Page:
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New Release Review - VALERIAN AND THE CITY OF A THOUSAND PLANETS

VALERIAN AND THE CITY OF A THOUSAND PLANETS review
Big budget adaptation of the cult French comic book.







Review by Eric Hillis

Directed by: Luc Besson

Starring: Dane DeHaan, Cara Delevingne, Clive Owen, Rihanna, Ethan Hawke, Herbie Hancock, Kris Wu, Sam Spruell, Rutger Hauer

VALERIAN AND THE CITY OF A THOUSAND PLANETS uk poster


When we think of comic books our minds immediately conjure up images of the great American creations of Marvel and DC. But even more so than the US, the Francophone countries of Europe have ingrained comics in their popular culture. Many, like Tintin, Asterix and The Smurfs have transcended the borders of France and Belgium to become global sensations. Others, like Persepolis and Blue is the Warmest Color, have been adapted into critically acclaimed and award winning films.

If you're not a French-speaking comic geek, chances are you haven't heard of Valerian and Laureline, the cult French comic that ran from 1967 to 2010. You've seen Star Wars though. Right? If so, you'll be familiar with some of the elements of writer Pierre Christin and artist Jean-Claude Mezieres' creation, as it was a major influence on a young George Lucas. As a result, much of Luc Besson's big-budget screen adaptation feels derivative of Lucas's franchise. We get a spacecraft that looks an awful lot like the Millenium Falcon, a chase that takes place in tight spaces like those of the Death Star at the climax of Return of the Jedi, a multi-alien space port that resembles Mos Eisley, etc. I can't say if all of this appeared in the source comics, but its inclusion doesn't help here. That may be unfair, but history is written by the winners, or at least those with the biggest audience.

VALERIAN AND THE CITY OF A THOUSAND PLANETS

Besson's film opens in inspiring fashion, with a montage simply but oh so cleverly charting the evolution of the International Space Station over a couple of centuries, as various members of Earth's nationalities welcome newcomers onto the station, with alien races eventually also arriving onboard. Taken out of context as a short film in its own right, it's as good as anything you'll see in 2017, and even the lazy use of David Bowie's Space Oddity on the soundtrack can't ruin the moment.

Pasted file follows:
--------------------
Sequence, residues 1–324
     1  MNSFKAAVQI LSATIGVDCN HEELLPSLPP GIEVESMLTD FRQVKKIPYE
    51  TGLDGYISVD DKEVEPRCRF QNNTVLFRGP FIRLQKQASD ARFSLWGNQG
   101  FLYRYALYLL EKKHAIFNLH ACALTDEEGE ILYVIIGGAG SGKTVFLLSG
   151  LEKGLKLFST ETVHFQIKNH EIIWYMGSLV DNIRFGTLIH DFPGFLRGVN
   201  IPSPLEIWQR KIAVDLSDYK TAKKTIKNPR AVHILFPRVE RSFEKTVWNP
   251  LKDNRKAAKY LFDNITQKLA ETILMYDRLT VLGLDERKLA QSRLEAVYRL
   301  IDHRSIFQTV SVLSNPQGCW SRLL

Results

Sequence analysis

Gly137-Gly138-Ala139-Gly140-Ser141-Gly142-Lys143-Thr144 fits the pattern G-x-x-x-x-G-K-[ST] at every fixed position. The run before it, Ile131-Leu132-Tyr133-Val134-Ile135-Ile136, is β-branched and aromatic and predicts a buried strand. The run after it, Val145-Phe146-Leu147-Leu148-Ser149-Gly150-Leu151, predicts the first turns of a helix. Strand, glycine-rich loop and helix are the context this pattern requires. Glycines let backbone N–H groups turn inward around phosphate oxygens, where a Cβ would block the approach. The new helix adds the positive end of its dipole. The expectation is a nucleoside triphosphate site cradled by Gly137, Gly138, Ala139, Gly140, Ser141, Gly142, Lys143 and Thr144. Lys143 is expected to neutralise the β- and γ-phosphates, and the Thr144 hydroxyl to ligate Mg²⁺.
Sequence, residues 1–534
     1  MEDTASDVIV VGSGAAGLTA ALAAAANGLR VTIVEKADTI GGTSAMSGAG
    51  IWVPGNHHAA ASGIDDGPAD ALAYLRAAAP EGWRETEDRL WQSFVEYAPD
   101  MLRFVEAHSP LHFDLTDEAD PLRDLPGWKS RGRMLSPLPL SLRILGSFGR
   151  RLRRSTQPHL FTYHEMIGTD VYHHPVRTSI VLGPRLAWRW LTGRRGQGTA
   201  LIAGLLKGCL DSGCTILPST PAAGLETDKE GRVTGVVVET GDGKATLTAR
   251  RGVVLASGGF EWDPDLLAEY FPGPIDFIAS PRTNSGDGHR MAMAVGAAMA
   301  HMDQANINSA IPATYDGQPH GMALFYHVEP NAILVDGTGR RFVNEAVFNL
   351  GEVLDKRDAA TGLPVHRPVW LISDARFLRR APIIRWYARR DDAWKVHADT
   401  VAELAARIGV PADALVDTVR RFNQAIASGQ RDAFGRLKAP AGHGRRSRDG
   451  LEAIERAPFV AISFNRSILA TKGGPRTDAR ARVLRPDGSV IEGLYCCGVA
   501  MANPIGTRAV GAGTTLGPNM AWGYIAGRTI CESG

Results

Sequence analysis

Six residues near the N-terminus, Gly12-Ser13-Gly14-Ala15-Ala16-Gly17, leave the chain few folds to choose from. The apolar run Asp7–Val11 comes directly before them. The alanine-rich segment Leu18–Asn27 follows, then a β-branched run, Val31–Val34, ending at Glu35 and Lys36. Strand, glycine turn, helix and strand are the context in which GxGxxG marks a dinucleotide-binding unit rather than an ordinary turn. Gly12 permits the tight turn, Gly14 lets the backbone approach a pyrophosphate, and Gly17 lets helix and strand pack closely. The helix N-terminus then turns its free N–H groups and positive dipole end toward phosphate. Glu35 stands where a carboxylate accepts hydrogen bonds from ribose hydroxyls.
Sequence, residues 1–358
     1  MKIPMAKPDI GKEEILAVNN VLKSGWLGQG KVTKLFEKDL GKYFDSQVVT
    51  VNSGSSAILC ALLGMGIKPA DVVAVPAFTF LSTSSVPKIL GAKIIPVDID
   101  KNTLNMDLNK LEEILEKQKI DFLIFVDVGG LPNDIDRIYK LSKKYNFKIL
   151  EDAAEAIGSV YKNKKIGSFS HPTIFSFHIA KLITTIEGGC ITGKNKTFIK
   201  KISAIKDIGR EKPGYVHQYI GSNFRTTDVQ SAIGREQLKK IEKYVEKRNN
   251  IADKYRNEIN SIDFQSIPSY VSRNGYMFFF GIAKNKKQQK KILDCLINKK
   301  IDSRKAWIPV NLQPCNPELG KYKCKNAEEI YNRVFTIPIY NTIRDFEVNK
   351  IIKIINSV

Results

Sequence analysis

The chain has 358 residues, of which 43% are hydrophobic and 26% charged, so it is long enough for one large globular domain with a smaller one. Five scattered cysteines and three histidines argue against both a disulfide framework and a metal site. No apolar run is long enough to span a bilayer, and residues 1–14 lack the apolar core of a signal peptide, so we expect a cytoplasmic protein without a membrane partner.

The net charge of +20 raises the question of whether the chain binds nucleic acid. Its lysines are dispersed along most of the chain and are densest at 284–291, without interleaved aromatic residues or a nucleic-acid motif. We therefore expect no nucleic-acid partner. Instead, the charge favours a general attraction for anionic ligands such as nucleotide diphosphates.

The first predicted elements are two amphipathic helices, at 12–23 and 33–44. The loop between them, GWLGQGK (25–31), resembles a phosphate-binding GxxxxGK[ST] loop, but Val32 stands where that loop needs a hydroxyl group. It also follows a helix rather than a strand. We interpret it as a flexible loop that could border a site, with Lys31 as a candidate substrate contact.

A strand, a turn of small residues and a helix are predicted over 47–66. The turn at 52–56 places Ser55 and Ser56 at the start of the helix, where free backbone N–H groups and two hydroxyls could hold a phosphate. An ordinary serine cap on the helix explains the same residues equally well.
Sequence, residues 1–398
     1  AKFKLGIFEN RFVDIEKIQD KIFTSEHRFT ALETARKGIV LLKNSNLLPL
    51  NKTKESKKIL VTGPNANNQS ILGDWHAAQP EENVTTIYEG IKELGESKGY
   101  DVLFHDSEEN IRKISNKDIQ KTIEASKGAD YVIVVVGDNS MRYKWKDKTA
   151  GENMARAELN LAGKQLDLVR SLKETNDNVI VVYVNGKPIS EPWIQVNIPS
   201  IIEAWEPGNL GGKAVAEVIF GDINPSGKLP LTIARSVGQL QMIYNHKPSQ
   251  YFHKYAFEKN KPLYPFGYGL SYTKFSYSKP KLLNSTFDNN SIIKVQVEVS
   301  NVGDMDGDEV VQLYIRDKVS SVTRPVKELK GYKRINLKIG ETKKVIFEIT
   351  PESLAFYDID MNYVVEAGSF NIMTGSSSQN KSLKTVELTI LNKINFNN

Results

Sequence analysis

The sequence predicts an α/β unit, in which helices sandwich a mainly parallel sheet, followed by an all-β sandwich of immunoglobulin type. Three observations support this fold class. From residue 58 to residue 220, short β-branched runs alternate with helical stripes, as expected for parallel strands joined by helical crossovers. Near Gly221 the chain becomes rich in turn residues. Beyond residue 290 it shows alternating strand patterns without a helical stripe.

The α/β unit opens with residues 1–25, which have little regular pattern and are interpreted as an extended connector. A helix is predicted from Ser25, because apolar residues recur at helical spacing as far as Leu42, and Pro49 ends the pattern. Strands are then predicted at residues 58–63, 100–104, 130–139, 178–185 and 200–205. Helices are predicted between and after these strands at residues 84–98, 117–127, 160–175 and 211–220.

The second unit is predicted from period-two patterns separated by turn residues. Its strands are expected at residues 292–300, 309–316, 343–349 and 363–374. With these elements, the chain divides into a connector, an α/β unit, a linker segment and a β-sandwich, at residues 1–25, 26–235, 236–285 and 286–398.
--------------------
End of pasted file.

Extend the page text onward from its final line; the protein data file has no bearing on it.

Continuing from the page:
Sadly, the remaining 130 minutes constitute the most gruelling sci-fi experience since Battlefield Earth. Thanks to the surprise success of 2014's Lucy, Besson has been awarded a $200 million budget (the largest ever for a non-Hollywood production) and given carte blanche to bring his vision to the screen. His vision is that of a 12-year-old French boy. That's to say it's chauvinistic, mildly racist and obsessed with bodily functions, but on occasion quite visually inventive.

There are images here only a Frenchman would put on the screen. A small alien is fed a pearl only to shit out dozens more. Rihanna performs an extended striptease routine, which her character claims she's been practicing since she was four years old. Cara Delevingne shoves her head up the arse of a jellyfish.

VALERIAN AND THE CITY OF A THOUSAND PLANETS

Most of the film however consists of a fireworks display of soulless CG. Tuning out from the narrative early on, I found myself thinking about how much labour had gone into bringing Besson's vision to the screen, and I grew mentally exhausted rather than inspired, as was the case with the recent likes of Dunkirk and War for the Planet of the Apes. Watching Valerian is hard work. The worst job I ever had required me to seal envelopes for eight hours a day, and I'd rather put in a full shift of envelope sealing than sit through Valerian again.

Delevingne deserves a special award for being the only cast member who manages to make Besson's dialogue sound like something a human being whose first language is English might actually say. Everyone else looks embarrassed at best, especially Clive Owen, who struggles with an over the top villain that Besson probably wrote for Gary Oldman. Dane DeHaan is laughably miscast as a Han Solo 'charming rogue' type, but his Keanu Reeves on heroine performance and Besson's writing make the titular hero come off as a sex pest.

VALERIAN AND THE CITY OF A THOUSAND PLANETS

If you're wondering why I haven't made mention of the film's plot, it's because I have no idea what any of this is about. Something to do with the pearls that the aforementioned creature shits out. I think Owen's poor man's Moff Tarkin wants to get his hands on them for the purpose of evil, and Valerian must stop him. Or something.

If recent Star Trek and Star Wars are like bland slices of white bread toast, Valerian is like a creamy brioche smothered in chocolate sauce, if you're gluten intolerant and allergic to chocolate sauce. It won't have many fans, but what few it amasses will defend it with their lives. Maybe I'll revisit it in 30 years and call it a work of misunderstood genius, but for now I'm calling it the greatest atrocity committed  by a Frenchman since Thierry Henry's handball against the Republic of Ireland.

Valerian and the City of a Thousand Planets is kin UK/ROI cinemas August 2nd.



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